Fire Rock nets $11.5 million in 4th quarter
By Bill Donovan
Special to the Times
WINDOW ROCK, March 8, 2012
Every quarter, the gaming control board releases what they call the "net win" amount of Indian casinos in the state.
That's defined as the amount wagered on gaming machines, less the amount paid out in cash and non-cash prizes won on the gaming machines, as well as any state or tribal regulatory fees.
Both the control board and officials for the Navajo Nation Gaming Enterprise say that this is not to be considered net profits since the casino still pay operating expenses and other payments.
The figures also don't include the amount Fire Rock makes in its table games, like poker, or how much revenue is generated by its restaurants. Or for those casinos that have hotels as well.
But the figures give a good indication of how much money is being spent on slot machines in the casino.
For the fourth quarter of 2011, the net win figure for Fire Rock was $11.5 million. In the other three quarters, the casino posted figures of $10.8 million, $11.3 million and $12.5 million, which indicates that play at the casino was fairly consistent throughout the year.
In the fourth quarter of 2010, the casino posted figures of $10.9 million so the 2011 figures show a slight increase.
The figures also show that the casino is not losing any business to the other casinos in the area. Casinos run by the Laguna and Acoma pueblos continue to be between 10 and 20 percent from the levels they posted in 2009 before Fire Rock opened.
Using these figures, this would indicate that the casino is generating about $3.2 million a month in slot play. Gaming enterprise officials have indicated that payroll at the casino is between $1 million to $1.2 million a month.
This goes with other figures that have been stated by the president's office and others that indicate that Fire Rock's net profits are somewhere in the vicinity of $800,000 to $1 million a month, but some or most of this may be used to repay construction and development loans to the tribe.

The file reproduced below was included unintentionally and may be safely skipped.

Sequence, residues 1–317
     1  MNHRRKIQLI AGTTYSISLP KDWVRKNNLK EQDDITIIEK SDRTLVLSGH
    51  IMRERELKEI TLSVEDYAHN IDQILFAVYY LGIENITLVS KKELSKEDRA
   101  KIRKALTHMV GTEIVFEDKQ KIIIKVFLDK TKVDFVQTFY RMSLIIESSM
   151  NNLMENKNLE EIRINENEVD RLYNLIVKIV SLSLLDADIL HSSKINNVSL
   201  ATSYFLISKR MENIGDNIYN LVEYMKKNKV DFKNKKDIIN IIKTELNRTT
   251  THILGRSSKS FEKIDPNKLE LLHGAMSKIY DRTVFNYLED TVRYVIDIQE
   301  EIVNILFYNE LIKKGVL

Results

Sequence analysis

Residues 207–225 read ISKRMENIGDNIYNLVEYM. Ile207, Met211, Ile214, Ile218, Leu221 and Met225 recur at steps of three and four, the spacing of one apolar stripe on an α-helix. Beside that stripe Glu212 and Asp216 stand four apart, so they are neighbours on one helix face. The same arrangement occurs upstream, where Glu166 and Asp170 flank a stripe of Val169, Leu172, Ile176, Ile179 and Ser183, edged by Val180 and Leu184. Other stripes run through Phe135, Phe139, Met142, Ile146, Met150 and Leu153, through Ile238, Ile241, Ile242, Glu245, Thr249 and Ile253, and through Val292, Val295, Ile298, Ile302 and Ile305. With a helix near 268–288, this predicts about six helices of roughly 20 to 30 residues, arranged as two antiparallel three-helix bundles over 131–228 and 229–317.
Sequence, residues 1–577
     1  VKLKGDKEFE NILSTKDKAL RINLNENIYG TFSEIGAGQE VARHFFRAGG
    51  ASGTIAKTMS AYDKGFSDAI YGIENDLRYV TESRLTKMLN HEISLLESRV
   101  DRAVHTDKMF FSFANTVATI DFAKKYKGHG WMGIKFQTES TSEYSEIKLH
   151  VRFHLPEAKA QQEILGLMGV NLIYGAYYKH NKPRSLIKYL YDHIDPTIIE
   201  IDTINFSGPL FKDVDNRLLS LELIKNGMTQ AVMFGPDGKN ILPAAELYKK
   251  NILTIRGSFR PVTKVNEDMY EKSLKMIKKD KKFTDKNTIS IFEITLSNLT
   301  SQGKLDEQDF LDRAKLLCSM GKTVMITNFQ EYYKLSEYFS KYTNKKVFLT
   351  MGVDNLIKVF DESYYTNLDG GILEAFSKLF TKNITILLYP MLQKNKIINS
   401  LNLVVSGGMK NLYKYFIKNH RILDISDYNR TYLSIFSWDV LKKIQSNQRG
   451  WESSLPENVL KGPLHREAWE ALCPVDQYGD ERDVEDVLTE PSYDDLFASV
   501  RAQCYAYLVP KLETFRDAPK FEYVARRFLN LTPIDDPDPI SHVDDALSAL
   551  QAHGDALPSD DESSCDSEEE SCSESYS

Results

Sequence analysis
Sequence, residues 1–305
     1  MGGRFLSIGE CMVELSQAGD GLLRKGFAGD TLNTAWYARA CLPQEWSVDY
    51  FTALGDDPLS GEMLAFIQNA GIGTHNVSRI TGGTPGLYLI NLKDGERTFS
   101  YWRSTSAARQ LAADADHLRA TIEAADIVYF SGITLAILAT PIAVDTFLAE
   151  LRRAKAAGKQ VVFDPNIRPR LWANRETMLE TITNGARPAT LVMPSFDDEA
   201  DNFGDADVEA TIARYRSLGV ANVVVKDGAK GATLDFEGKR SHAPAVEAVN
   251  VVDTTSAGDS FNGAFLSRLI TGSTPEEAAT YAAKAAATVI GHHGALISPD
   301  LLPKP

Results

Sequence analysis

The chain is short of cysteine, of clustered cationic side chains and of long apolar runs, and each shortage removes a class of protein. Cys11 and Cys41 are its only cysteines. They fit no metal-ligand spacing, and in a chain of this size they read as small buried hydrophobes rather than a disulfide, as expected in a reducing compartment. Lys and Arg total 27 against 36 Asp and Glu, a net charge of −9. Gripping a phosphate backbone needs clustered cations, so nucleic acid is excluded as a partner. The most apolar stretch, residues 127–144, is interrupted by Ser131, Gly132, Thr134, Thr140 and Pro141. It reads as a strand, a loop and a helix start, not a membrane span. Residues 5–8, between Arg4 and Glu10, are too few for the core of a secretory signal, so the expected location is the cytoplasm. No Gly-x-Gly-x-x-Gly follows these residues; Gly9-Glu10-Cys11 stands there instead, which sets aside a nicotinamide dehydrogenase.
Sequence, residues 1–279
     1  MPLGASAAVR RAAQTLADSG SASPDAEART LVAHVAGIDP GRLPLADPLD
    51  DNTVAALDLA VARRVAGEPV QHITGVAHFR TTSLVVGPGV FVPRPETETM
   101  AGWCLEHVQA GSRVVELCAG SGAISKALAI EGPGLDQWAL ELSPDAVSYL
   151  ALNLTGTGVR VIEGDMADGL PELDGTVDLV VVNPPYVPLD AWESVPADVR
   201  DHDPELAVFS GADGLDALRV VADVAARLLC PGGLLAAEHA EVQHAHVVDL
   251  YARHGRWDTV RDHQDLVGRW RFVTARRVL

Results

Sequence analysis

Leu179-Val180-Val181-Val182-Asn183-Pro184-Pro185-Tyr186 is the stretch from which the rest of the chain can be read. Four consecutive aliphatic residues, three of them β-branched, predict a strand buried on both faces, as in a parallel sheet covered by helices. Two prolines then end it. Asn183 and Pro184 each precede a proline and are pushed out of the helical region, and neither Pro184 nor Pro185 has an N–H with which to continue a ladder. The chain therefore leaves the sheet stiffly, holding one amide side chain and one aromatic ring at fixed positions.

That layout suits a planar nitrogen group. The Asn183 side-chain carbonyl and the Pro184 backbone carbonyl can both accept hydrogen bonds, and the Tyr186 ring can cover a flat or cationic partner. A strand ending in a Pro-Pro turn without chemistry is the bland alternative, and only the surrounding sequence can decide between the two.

The state provides these figures only for Class III casinos, like Fire Rock. Class II casinos, like the one the Navajo Nation has in Hogback, do not have to share its revenues with the state and therefore their net win amount is not listed.
The tribe's newest casino, Northern Edge, in Upper Fruitland, will have to report its revenues to the state so these figures will be available in the future along with the figures for Fire Rock.
The gaming control board's website said that because of the compacts tribes have with the state of New Mexico, they paid a total of $15.7 million in the fourth quarter of 2011 to the state based on total revenues that quarter of $171 million.
That indicates that the tribes paid about 9 percent to the state, which would indicate that the Navajo Nation's payment to the state was about $1 million for that quarter.
Bob Winter, CEO of the Navajo Nation Gaming Enterprise, said there is a dispute going on between the tribes and the state over what is called "free play."
Casinos frequently give customers free play on slot machines to entice them to come in. Many of the casinos, for example, that cater to truckers on Interstate 40 give them $5 in free play to encourage them to stop and play at their casino.
Winter said the state now wants the casinos to include that free play amount in their revenue figures so that the state would get more money. This is expected to play a major role when tribes renew their compacts with the state.
But it's not expected to be an issue with the Navajos, said Winter, first because the Navajos use a different accounting system than the other tribes do that takes this into account and secondly, because the Navajo casinos don't give out that much free play.
None of the Navajo's three casinos are trying to attract truckers, although Northern Edge is getting some business from truckers. The effort to get truckers will take place when the tribe opens its casinos in Arizona long Interstate 40 in 2012 and 2013.